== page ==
Temporal range: Eocene - Recent, 55–0Ma
Crocodylidae is a family of crocodylians that includes the true crocodiles which are the members of the subfamily Crocodylinae and the Tomistoma. Currently, the family includes two subfamilies; Crocodylinae and Tomistominae, with the latter being a subject of controversy whether it is a crocodile or belonging to the family, Gavialidae. Further genetic analysis has to be done to come to a final conclusion.
The family contains two subfamilies; Crocodylinae and Tomistominae, the second one being a subject of controversy, whether it should be classified under Crocodylidae or Gavialidae. There are a total of three extant genera in the family Crocodylidae. The three genera includes a total of fifteen species, including the currently classified of the desert crocodile; which is now accepted as a true species rather than a subspecies of the Nile crocodile. Recent studies suggests, the dwarf crocodile, Osteolaemus tetraspis is not a single, but two or even three species. If so, the species count of extant crocodiles would be sixteen or seventeen, putting the extant crocodylian species to a total of 26 instead of 24.
There are a total of two extant genera of true crocodiles; Crocodylus and Osteolaemus, under the subfamily Crocodylinae. Even according to traditional classification, the Tomistoma is not a true crocodile even though it is a member of the family Crocodylidae. Latest molecular evidence points out to an even greater difference; creating the possibility that in fact the Tomistoma is genetically closer to the gharial than true crocodiles. If proven, the species will be classified under the family Gavialidae.
Differences from alligators
The most obvious external differences are visible in the head—crocodiles have narrower and longer heads, and a more V-shaped than U-shaped snout. The alligator's upper jaw is wider than its lower jaw, and the teeth in the lower jaw fit into small depressions in the upper jaw. The upper and lower jaws of the crocodiles are the same width, and teeth in the lower jaw fall along the edge or outside the upper jaw when the mouth is closed. When the crocodile's mouth is closed, the large fourth tooth in the lower jaw fits into a constriction in the upper jaw. For hard-to-distinguish specimens, the protruding tooth is the most reliable feature to define a species.
Taxonomy of the Crocodylidae
- Family Crocodylidae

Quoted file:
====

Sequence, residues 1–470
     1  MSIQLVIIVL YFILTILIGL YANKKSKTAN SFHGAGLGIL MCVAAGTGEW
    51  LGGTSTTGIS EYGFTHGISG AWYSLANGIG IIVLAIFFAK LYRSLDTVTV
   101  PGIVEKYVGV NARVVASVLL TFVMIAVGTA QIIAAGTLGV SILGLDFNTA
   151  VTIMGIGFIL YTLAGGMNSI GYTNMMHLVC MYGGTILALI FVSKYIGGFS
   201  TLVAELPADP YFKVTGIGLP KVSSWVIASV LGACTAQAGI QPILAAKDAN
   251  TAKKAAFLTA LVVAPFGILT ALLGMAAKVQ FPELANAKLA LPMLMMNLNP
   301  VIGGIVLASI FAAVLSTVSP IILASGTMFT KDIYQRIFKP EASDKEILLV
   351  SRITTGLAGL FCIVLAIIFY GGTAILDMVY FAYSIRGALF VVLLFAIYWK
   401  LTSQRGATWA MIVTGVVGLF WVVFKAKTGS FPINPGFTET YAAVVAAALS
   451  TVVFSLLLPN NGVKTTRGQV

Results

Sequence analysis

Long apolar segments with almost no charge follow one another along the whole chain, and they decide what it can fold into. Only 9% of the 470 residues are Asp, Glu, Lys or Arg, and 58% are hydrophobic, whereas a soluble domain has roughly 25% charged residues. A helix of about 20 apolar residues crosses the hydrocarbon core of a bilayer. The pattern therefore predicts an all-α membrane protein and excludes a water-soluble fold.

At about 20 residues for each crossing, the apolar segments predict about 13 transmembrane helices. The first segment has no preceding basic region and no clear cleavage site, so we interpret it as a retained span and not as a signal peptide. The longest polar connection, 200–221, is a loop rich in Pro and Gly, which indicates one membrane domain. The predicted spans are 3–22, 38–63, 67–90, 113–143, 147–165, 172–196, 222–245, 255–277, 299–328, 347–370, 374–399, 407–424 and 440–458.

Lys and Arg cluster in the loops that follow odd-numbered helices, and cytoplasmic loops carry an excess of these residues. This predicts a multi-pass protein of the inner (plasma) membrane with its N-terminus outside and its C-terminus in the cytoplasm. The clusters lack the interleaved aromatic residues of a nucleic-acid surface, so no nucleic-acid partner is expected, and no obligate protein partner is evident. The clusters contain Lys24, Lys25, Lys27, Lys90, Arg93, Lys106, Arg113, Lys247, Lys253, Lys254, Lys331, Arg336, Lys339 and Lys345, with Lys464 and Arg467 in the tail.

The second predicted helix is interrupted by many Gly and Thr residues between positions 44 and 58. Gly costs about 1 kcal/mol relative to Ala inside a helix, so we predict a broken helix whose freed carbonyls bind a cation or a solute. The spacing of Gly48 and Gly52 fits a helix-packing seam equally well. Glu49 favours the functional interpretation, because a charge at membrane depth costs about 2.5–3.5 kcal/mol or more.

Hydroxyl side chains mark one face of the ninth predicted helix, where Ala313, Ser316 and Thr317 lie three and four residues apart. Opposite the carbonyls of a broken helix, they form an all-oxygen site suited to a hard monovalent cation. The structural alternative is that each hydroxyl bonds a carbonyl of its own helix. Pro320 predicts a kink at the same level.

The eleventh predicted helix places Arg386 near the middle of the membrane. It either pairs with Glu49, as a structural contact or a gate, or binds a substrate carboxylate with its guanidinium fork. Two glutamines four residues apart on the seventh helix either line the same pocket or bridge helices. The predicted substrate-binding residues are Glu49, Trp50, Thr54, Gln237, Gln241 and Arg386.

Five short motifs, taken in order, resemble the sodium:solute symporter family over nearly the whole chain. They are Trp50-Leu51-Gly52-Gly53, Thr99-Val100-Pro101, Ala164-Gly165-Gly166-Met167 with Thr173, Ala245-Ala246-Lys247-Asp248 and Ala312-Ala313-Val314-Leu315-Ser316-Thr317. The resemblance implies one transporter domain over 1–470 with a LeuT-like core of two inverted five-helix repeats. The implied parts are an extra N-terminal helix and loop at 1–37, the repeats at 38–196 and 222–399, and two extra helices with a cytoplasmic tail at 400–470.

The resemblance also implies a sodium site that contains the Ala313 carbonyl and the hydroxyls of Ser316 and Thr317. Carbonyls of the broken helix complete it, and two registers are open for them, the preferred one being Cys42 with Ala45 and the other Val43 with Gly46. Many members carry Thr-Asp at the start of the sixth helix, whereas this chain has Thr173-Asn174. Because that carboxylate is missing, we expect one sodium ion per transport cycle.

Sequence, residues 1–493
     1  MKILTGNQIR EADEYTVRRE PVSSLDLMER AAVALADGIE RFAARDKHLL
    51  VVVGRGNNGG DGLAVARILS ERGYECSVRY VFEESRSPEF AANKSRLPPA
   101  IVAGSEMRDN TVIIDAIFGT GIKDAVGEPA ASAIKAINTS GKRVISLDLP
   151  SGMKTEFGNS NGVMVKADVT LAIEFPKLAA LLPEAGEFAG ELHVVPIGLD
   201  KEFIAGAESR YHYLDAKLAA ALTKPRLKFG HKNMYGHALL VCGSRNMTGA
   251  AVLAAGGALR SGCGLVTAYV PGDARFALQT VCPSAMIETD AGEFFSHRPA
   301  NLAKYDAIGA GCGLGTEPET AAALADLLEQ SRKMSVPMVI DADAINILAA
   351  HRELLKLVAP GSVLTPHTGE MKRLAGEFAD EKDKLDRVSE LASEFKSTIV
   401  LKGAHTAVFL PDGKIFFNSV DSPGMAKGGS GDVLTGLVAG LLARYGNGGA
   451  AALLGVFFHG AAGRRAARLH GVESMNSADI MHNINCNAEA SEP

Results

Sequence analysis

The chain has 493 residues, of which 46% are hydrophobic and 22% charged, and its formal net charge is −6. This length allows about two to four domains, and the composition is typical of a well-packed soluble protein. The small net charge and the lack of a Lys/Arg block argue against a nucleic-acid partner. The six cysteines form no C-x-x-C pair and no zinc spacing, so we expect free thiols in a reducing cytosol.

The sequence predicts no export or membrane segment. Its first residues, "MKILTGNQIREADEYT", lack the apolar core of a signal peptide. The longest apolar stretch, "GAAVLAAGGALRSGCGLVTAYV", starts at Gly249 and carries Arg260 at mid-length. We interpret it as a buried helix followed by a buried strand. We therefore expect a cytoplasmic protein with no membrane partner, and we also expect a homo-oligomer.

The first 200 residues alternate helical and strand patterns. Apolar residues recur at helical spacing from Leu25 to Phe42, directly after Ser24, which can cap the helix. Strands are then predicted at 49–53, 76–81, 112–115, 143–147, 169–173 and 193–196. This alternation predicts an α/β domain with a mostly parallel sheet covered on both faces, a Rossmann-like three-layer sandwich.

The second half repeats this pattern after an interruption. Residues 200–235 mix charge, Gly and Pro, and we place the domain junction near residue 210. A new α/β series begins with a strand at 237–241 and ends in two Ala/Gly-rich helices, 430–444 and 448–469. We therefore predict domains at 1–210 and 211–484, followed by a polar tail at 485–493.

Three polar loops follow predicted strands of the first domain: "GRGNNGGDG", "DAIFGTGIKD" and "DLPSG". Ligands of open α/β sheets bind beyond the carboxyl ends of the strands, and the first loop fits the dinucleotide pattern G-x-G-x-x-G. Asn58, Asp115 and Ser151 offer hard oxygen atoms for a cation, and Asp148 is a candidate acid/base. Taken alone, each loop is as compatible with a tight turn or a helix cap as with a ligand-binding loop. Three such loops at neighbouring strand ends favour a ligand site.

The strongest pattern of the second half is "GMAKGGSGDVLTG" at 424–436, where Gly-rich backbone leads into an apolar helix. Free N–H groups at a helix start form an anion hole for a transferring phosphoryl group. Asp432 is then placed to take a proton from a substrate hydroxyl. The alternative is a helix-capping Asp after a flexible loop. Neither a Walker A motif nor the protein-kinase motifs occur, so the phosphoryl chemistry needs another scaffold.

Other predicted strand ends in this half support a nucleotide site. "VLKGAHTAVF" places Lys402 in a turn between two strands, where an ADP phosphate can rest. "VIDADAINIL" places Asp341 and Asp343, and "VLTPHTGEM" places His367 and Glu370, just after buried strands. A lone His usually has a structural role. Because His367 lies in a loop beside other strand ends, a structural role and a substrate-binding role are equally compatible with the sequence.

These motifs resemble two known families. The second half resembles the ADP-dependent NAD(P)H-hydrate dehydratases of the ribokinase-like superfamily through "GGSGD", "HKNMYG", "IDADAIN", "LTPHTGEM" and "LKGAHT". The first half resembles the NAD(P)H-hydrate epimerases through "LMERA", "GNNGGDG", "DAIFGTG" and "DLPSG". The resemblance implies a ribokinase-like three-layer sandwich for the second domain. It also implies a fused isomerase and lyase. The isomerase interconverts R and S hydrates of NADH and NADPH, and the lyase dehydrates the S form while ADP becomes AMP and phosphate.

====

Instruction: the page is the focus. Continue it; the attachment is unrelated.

- Subfamily †Mekosuchinae (extinct)
- Subfamily Crocodylinae
- Genus Crocodylus
- Crocodylus acutus, American crocodile
- Crocodylus cataphractus, slender-snouted crocodile (studies in DNA and morphology suggest this species may be more basal than Crocodylus, so belongs in its own genus, Mecistops).
- Crocodylus intermedius, Orinoco crocodile
- Crocodylus johnsoni, freshwater crocodile, or Johnstone's crocodile
- Crocodylus mindorensis, Philippine crocodile
- Crocodylus moreletii, Morelet's crocodile or Mexican crocodile
- Crocodylus niloticus, Nile crocodile or African crocodile (the subspecies found in Madagascar is sometimes called the black crocodile)
- Crocodylus novaeguineae, New Guinea crocodile
- Crocodylus palustris, mugger, marsh or Indian crocodile
- Crocodylus porosus, saltwater crocodile or estuarine crocodile
- Crocodylus rhombifer, Cuban crocodile
- Crocodylus siamensis, Siamese crocodile (may be extinct in the wild)
- Crocodylus suchus, West African crocodile, desert or sacred crocodile
- Genus Osteolaemus
- Genus †Euthecodon
- Genus †Rimasuchus (formerly Crocodylus lloydi)
- Genus †Voay Brochu, 2007 (formerly Crocodylus robustus)
- Genus Crocodylus
The cladogram below follows the topology from a 2012 analysis of morphological traits by Christopher A. Brochu and Glenn W. Storrs. Many extinct species of Crocodylus might represent different genera. C. suchus was not included because its morphological codings were identical to these of C. niloticus. However, the authors suggested that it could be explained by their specimen sampling, and considered the two species to be distinct.
- Gatesy, Jorge; Amato, G.; Norell, M.; DeSalle, R.; and Hayashi, C. (2003). "Combined support for wholesale taxic atavism in gavialine crocodylians". Systematic Biology 52 (3): 403–422. doi:10.1080/1063515035019703.
- Eaton, Mitchell J.; Andrew Martin, John Thorbjarnarson, George Amato (March 2009). "Species-level diversification of African dwarf crocodiles (Genus Osteolaemus): A geographic and phylogenetic perspective". Molecular Phylogenetics and Evolution 50 (3): 496–506. doi:10.1016/j.ympev.2008.11.009.
- McAliley, Willis, Ray, White, Brochu & Densmore (2006). Are crocodiles really monophyletic?—Evidence for subdivisions from sequence and morphological data. Molecular Phylogenetics and Evolution 39:16–32.
- Brochu, C. A.; Storrs, G. W. (2012). "A giant crocodile from the Plio-Pleistocene of Kenya, the phylogenetic relationships of Neogene African crocodylines, and the antiquity of Crocodylus in Africa". Journal of Vertebrate Paleontology 32 (3): 587. doi:10.1080/02724634.2012.652324.